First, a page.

The first thing you need to do in this situation is to put the thoughts of reaching double figures in miles per gallon. The best reported mileage for an RV with this engine was 8 to 9 MPG.
That was just one or two owners who said they were able to reach this mark. Other owners reported not being able to break the 7 MPG barrier no matter what they did.
One owner said he tried everything to raise his mileage, including driving with the wind, and his results never got above 6.85 MPG. He felt that if he coasted downhill he would still get 6.5 MPG.
Another owner echoed those sentiments when he said nearly the same thing. Except his MPG result was 7.5 no matter what he did to increase fuel mileage. He even stated that he lowered his driving speed and that move lowered his miles per gallon by .25 to 7.25.
Your results will be different of course. But do not expect to see more than 9 to 10 MPG on a good day. Expect to see at least 6.5 to 8 on most days.
This has been talked about on different discussion forums and there is some validity to this statement. You probably will see a drop in fuel mileage during winter over what you get in the warmer months of the year.
There are some good reasons for this. One is that if you let your vehicle warm up before driving, then you will lose gas mileage. Two, winter fuel is supposed to have more alcohol mixed in it than summer fuel. Alcohol is said to evaporate faster which will contribute to your MPG loss.
Three, the colder air may require more fuel to help combustion, and four, reformulated gas is not as good nor lasts as long as regular gas does. No matter the reason, you may experience between a 2 to 3 MPG drop during those colder months.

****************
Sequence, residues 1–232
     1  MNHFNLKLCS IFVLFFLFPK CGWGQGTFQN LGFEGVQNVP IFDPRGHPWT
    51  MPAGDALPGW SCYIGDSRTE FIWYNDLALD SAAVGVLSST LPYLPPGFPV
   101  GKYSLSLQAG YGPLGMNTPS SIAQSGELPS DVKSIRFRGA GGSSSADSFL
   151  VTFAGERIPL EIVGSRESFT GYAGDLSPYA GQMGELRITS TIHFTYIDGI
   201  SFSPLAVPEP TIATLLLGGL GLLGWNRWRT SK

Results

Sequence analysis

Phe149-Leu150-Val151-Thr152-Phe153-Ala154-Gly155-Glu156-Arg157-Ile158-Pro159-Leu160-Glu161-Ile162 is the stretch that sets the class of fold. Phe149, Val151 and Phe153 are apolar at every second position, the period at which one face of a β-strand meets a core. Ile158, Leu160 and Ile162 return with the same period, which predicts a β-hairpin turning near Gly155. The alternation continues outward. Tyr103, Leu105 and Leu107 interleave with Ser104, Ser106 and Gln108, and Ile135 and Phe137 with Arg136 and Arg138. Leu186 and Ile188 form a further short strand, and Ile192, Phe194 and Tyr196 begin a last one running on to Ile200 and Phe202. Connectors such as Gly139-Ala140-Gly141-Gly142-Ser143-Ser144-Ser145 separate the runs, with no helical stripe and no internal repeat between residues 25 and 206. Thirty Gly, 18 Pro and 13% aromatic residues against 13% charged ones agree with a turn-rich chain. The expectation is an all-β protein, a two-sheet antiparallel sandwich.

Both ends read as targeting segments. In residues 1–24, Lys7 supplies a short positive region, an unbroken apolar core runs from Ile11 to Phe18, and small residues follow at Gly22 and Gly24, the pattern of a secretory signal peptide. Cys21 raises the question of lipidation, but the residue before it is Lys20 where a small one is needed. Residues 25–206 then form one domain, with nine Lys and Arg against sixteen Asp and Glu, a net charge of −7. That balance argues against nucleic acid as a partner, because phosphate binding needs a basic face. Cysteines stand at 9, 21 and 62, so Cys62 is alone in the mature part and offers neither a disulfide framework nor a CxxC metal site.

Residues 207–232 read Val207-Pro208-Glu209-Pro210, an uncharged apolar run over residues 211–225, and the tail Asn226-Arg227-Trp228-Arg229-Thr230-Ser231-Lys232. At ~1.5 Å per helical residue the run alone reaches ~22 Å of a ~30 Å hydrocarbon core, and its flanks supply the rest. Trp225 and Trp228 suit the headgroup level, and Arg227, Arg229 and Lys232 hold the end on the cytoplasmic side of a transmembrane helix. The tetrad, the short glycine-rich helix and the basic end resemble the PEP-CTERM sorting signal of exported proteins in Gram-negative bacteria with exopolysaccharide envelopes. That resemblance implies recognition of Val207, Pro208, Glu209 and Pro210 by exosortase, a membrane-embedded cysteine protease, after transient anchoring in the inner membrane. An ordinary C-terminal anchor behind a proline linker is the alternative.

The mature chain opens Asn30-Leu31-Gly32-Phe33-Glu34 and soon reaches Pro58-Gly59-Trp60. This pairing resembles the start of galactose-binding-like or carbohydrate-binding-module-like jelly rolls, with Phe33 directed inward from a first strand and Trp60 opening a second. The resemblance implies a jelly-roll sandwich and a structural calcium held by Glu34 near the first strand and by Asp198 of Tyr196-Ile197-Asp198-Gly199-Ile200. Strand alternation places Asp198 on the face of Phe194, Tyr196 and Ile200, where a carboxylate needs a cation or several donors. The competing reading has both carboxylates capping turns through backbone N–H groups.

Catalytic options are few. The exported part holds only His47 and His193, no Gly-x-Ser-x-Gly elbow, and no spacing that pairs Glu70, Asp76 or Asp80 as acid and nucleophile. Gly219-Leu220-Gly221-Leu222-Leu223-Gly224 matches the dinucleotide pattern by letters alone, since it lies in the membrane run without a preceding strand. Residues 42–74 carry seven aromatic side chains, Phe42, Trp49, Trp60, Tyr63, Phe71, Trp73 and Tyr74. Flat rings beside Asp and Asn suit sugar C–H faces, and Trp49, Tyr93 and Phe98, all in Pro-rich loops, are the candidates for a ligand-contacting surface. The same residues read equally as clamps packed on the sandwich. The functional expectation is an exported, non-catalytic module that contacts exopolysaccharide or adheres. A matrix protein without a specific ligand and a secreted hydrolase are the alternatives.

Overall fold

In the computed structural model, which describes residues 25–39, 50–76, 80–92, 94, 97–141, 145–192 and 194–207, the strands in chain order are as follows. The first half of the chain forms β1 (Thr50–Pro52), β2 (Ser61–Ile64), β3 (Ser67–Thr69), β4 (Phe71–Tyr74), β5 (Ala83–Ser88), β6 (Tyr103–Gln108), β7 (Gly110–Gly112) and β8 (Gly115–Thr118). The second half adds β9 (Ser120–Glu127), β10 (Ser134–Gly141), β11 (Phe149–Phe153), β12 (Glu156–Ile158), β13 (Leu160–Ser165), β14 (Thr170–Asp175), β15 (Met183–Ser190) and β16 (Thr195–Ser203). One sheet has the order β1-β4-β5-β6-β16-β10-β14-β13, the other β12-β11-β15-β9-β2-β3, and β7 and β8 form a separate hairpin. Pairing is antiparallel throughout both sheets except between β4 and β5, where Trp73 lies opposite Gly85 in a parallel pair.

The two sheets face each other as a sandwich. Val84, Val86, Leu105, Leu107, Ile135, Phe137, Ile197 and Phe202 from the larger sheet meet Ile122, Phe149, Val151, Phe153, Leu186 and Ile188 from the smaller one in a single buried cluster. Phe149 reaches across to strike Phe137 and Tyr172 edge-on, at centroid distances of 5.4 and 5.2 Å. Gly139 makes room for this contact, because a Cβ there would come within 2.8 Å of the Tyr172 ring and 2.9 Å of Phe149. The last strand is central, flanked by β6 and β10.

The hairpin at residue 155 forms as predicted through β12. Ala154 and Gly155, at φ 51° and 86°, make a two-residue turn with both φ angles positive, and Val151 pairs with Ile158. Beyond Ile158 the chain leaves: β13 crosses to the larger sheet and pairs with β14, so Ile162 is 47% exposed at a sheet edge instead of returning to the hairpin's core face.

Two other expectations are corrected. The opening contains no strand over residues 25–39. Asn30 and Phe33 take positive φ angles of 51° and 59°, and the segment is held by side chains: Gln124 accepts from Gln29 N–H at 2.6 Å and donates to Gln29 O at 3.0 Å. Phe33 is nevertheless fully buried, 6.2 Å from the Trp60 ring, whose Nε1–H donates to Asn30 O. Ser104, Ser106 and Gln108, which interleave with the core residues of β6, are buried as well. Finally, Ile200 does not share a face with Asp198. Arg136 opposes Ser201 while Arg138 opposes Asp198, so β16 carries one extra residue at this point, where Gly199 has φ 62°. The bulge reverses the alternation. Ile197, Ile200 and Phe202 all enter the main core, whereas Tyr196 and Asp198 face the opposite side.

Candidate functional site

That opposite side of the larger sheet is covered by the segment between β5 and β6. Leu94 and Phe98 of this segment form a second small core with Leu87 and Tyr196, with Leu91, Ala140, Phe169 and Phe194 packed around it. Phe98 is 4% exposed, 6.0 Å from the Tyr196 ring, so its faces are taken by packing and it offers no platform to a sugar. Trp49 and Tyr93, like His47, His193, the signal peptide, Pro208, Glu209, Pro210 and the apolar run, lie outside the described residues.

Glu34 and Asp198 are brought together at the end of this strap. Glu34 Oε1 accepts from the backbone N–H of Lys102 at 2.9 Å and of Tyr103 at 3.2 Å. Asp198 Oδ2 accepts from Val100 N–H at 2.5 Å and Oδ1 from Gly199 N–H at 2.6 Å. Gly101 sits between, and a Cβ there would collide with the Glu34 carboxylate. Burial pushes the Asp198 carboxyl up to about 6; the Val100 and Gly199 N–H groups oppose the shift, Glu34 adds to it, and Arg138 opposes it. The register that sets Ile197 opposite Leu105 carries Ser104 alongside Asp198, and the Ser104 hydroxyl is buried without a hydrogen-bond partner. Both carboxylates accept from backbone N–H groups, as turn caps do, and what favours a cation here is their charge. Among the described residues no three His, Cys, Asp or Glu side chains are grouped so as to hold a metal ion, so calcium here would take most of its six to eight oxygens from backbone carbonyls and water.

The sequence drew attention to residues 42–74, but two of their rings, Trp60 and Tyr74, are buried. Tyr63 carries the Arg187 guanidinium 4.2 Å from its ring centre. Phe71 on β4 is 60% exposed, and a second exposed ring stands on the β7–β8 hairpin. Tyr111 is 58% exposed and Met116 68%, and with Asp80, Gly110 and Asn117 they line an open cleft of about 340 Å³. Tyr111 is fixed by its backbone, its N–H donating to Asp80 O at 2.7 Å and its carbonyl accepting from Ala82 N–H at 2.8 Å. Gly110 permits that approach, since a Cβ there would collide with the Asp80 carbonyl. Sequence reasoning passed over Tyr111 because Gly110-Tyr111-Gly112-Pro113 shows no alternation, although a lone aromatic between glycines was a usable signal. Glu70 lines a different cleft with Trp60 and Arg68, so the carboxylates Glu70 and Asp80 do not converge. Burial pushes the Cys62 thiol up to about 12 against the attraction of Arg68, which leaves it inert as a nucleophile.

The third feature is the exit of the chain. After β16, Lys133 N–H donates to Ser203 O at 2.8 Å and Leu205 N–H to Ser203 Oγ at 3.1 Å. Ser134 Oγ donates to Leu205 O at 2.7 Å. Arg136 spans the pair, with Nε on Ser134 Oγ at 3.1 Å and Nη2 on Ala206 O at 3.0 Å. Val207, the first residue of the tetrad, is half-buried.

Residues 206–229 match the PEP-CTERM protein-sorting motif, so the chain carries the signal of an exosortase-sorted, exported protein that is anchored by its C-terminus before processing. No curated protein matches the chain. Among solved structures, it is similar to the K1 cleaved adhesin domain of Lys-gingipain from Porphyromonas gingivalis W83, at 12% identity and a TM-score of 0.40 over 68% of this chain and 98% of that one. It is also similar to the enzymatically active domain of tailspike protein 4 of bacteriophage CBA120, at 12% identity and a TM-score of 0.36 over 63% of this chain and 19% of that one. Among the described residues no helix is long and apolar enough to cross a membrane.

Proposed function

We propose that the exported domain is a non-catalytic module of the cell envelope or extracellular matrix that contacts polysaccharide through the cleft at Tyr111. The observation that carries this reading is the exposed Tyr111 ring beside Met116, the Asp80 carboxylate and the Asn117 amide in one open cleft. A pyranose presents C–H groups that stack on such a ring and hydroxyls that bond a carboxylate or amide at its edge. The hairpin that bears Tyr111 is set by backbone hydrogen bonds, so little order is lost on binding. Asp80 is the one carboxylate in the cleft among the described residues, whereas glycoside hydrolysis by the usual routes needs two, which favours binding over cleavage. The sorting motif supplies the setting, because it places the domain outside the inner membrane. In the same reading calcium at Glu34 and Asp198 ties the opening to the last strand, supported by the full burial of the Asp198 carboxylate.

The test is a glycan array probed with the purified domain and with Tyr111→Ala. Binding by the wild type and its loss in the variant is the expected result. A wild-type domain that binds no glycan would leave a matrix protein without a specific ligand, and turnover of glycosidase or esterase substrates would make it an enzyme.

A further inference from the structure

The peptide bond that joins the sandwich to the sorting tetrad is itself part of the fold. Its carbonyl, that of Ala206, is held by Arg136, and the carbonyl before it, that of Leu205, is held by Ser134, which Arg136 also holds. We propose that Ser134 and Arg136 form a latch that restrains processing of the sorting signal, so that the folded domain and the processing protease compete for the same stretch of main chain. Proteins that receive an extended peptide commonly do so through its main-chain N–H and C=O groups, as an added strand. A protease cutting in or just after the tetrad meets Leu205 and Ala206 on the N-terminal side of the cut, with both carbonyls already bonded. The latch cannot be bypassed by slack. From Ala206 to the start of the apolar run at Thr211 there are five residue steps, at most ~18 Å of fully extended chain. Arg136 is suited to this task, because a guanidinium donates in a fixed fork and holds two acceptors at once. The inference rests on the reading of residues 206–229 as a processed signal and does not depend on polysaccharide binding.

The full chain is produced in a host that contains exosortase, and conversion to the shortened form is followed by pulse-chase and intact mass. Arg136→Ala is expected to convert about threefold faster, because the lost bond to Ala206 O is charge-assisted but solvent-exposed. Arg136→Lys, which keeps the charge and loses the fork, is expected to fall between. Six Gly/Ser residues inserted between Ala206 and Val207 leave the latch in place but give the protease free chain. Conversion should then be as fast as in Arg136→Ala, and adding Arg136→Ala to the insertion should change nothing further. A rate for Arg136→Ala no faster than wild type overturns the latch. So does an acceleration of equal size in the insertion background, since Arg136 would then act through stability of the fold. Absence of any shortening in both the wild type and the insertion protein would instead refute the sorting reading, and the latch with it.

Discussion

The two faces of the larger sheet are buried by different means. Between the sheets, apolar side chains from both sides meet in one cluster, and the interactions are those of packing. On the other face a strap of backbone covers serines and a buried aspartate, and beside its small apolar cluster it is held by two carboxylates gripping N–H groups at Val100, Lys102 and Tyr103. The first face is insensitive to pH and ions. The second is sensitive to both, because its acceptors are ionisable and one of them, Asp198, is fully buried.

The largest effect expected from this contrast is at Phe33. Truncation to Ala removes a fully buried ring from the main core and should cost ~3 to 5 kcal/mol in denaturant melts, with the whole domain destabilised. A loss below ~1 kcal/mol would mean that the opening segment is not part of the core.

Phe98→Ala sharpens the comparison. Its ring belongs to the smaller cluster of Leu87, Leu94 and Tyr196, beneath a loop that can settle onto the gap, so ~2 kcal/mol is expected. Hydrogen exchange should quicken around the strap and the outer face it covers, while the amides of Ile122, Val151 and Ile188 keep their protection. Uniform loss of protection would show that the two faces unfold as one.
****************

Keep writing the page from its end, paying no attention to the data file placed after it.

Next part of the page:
Then with modern engines, the computer does the controlling of the air to fuel mixture and it may lower the air portion making the mixture richer. This would use more fuel as well.
If you mention that this is the fuel level you received on any of the discussion forums talking about this engine, you would be shot down before you got to make a second post.
It is highly unlikely that you will get this amount of miles per gallon even when driving empty and going downhill on the highway. Some people have reported these higher numbers but they were scoffed at and shown that it was impossible to reach that mileage to fuel level.
There are websites on the Internet that tell you how to improve the fuel efficiency of this motor. One option suggested was to slow down and go 55 mph instead of 60.
Another suggestion was to drive empty, while helpful not practical as the slowing down of your driving speed. But even with those suggestions, it is also highly doubtful that you will reach 14 MPG.
One owner did say he did reach 13 MPG on a consistent basis but he does not say what vehicle he was driving at the time. Different vehicles will produce different MPG ratings. The Lincoln had the 460 initially and that combination may have made 14 possible.
The two suggestions heard most often have already been stated. Take your foot off the gas and set your cruise control to 55 MPH. That will give you a little boost in your mileage rating.
The other suggestion was to drive empty but that is not always possible, especially when your 460 is in your RV. One website suggested taking the engine completely apart and rebuilding it with different parts.